Maven is shown studying how Mars loses its atmosphere to space in this artist's illustration.
Credit: Corby Waste NASA/JPL
Think you've got out-of-this-world poetry skills? Here's your chance to send a short piece through the cold depths of space, all the way to Mars.
NASA is asking the public to submit haikus — three-line poems with a standard 5-7-5 syllable structure — to ride aboard its Maven Mars orbiter, which is slated to launch toward the Red Planet this coming November.
It won't be easy; just three haikus will make it onboard the Maven spacecraft. You can submit poems (which must be in English) until July 1, and an online public vote to select the three winners will open on July 15.
You can still be part of the mission even if your masterpiece doesn't make the cut, however. The DVD containing the haikus will also carry every name submitted via the Maven mission's "Going to Mars" public-outreach campaign, officials said.
"The Going to Mars campaign offers people worldwide a way to make a personal connection to space, space exploration, and science in general, and share in our excitement about the Maven mission," Stephanie Renfrow, lead for the Maven education and public outreach program at the University of Colorado's Laboratory for Atmospheric and Space Physics (CU/LASP), said in a statement.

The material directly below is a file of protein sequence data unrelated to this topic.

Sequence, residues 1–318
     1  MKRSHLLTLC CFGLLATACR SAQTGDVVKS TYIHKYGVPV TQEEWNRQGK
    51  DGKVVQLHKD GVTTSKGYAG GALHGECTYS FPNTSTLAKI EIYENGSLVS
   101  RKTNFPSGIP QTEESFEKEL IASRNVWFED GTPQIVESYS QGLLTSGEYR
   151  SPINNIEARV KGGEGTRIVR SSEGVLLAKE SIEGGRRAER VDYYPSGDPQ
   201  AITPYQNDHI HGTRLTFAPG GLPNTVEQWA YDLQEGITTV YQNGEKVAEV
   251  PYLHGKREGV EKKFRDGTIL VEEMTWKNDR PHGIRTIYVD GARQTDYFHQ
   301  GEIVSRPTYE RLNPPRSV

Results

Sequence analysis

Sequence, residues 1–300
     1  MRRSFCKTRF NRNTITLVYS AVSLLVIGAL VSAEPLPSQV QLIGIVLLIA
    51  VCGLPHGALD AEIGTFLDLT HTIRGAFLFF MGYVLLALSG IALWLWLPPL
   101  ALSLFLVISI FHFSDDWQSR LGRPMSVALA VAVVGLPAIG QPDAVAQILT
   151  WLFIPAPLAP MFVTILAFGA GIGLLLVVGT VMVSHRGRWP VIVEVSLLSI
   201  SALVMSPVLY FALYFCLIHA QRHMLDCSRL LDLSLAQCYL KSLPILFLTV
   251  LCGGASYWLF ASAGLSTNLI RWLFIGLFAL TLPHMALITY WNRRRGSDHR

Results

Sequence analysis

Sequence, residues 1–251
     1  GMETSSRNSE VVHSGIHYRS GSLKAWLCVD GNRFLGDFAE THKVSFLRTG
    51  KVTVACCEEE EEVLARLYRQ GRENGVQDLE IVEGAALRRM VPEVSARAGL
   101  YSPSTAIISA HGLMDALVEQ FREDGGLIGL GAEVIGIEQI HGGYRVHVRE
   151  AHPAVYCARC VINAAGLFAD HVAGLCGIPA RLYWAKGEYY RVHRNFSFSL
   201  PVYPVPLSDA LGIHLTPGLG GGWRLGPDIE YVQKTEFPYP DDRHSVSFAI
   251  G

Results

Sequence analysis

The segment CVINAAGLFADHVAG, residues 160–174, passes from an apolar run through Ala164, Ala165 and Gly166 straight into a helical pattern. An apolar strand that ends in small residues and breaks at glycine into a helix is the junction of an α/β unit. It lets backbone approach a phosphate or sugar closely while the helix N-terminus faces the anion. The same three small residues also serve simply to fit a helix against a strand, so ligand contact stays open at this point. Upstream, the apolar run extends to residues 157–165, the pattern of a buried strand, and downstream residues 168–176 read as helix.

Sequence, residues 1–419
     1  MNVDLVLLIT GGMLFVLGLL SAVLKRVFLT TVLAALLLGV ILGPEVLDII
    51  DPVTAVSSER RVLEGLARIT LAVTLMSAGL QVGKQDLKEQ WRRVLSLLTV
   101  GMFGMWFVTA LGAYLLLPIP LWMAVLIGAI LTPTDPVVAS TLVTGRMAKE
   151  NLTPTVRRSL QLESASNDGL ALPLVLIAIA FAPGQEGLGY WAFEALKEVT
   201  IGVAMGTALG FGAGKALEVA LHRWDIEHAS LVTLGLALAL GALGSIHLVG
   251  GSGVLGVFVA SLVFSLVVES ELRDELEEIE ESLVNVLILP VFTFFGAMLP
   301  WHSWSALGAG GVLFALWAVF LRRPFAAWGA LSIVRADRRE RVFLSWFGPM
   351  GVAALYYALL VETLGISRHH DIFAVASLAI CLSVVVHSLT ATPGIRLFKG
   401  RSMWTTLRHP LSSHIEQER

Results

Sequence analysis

To participate in the campaign or learn more about it, visit http://lasp.colorado.edu/maven/goingtomars
The $670 million Maven mission — short for Mars Atmosphere and Volatile EvolutioN — is slated to launch on Nov. 18 and arrive in an elliptical orbit around Mars on Sept. 22, 2014.
Mars has lost most of its atmosphere to space over the eons. Scientists hope Maven will help them understand how this happened, and what the consequences have been for the Red Planet's ability to support life as we know it.
The Maven team sees the "Going to Mars" effort as a chance to get the public excited about space science and exploration.
"This new campaign is a great opportunity to reach the next generation of explorers and excite them about science, technology, engineering and math," Maven principal investigator Bruce Jakosky, also from CU/LASP, said in a statement. "I look forward to sharing our science with the worldwide community as Maven begins to piece together what happened to the Red Planet's atmosphere."